Ethical value of cranioplasty with oppressive binder as a way of limiting life support treatments


  • Alfonso Canabal Berlanga Asociación de Bioética de Castilla la Mancha
  • José Jara Rascón Asociación de Bioética de la Comunidad de Madrid
  • Rafael Gómez Rodríguez Asociación de Bioética de Castilla la Mancha
  • Ricardo Abengózar Muela Universidad Francisco de Vitoria de Madrid
  • Francisco Javier Ruiz Hornillos Comité de Ética Asistencial de la Fundación Jiménez Díaz
  • José Manuel Moreno Villares Comité de Ética Asistencial del Hospital 12 de Octubre
  • Manuel de Santiago Corchado Universidad Rey Juan Carlos
  • L. Fernando Viejo Llorente Comisión de Ética y Deontología del Colegio Médicos de Toledo
  • José Carlos Abellán Salort Universidad Rey Juan Carlos
  • Álvaro Gándara del Castillo Sociedad Española de Cuidados Paliativos (SECPAL)


This article analyzes, from a critical perspective, the use of cranioplasty with oppressive binder as a method to limit life support treatment (LLST). Some authors have proposed that this active technique provokes encephalic death, allowing organ donation. Contrasting this procedure with the recommendations of the consent document about treatment of critical patients at the end of life, elaborated by the bioethics group of SEMICYUC, it is shown that the means and ends of this technique do not match with the proper actions of LLST, based on the withdrawal of life support means or in not starting them, considering such means disproportionate or extraordinary in some cases, thus avoiding the therapeutic obstinacy. The definition of LLST allows to clarify the limits in which, in a way ethically fair and with a consensus, the acts at the end of life are included in the medical goals, avoiding the suspicion that these acts may be misinterpreted as justifying an abusive extraction of organs. This article concludes that the direct provocation of encephalic death by the technique of cranioplasty with binder does not appear to fulfill the criteria proper of LLST.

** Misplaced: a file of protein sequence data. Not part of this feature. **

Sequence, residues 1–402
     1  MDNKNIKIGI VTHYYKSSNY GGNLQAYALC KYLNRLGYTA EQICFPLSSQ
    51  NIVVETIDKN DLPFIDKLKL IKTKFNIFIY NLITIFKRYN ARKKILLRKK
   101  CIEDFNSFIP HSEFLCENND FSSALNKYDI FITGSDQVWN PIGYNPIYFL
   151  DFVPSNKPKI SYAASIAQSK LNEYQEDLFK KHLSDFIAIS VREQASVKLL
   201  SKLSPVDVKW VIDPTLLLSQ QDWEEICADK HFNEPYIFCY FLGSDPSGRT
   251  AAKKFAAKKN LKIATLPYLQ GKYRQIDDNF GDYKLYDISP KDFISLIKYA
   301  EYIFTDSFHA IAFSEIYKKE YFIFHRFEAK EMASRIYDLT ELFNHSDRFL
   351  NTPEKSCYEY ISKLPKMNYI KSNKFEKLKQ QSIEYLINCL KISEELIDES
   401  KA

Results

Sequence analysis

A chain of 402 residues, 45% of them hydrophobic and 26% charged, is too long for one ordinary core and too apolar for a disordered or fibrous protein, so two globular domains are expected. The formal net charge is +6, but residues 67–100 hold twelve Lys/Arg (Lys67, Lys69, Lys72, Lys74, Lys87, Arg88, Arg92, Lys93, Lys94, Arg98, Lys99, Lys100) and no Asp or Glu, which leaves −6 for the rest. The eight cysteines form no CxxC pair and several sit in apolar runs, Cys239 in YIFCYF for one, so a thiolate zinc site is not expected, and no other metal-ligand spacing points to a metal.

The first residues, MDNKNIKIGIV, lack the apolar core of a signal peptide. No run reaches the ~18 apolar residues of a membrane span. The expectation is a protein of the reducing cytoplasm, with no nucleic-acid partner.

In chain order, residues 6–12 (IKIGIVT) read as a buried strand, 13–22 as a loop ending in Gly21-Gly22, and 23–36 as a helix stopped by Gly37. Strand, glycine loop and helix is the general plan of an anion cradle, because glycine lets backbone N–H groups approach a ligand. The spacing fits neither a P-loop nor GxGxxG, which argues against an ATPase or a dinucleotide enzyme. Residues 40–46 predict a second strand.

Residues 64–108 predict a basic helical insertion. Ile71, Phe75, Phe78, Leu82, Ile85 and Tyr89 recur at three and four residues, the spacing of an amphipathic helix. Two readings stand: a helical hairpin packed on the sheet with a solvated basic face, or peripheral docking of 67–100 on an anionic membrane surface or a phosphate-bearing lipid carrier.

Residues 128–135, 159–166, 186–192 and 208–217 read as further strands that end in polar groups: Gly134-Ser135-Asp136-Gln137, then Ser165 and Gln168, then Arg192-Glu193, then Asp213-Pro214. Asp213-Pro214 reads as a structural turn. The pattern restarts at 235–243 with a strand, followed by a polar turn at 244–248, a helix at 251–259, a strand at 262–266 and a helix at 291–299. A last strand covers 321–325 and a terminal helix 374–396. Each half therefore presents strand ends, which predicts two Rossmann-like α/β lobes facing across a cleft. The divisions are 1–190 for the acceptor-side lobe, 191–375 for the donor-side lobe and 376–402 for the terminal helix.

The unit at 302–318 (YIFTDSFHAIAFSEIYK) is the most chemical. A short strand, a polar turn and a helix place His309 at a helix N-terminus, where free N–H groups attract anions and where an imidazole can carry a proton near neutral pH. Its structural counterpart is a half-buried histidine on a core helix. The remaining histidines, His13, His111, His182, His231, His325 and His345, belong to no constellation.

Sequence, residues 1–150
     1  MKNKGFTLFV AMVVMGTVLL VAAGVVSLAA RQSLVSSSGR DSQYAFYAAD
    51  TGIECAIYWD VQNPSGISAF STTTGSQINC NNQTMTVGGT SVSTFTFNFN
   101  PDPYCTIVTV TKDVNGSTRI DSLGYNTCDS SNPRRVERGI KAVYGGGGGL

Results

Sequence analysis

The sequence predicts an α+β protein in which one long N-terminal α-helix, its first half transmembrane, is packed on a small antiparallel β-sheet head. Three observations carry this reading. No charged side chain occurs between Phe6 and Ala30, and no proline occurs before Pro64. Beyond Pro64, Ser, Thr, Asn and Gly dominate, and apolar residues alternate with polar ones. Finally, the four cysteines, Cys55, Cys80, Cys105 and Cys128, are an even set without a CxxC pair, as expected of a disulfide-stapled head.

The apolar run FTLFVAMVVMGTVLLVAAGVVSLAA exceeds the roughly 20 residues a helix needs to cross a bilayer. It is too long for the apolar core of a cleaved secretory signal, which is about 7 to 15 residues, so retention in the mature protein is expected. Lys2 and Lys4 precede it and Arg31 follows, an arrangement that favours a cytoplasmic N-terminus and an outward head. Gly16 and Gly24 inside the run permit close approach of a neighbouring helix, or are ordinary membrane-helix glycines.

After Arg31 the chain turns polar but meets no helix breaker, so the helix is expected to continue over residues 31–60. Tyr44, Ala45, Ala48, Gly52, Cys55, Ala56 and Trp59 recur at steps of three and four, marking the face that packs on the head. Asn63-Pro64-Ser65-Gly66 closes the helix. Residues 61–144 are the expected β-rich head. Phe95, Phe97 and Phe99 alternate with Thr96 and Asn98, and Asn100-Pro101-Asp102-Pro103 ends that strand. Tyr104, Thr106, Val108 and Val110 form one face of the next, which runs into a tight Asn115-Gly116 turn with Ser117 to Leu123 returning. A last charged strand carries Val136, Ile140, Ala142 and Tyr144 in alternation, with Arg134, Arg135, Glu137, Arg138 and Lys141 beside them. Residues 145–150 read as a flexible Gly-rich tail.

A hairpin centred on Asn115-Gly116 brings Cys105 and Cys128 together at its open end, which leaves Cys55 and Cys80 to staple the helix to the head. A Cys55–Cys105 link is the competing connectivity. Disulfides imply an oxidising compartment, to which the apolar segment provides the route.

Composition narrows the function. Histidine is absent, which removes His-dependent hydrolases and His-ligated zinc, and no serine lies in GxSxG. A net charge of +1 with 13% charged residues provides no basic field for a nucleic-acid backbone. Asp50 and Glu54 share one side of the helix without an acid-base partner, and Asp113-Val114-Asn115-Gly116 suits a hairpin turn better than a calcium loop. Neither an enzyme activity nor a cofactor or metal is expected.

cranioplasty, limitation of life support treatment, organ donation, decompressive craniotomy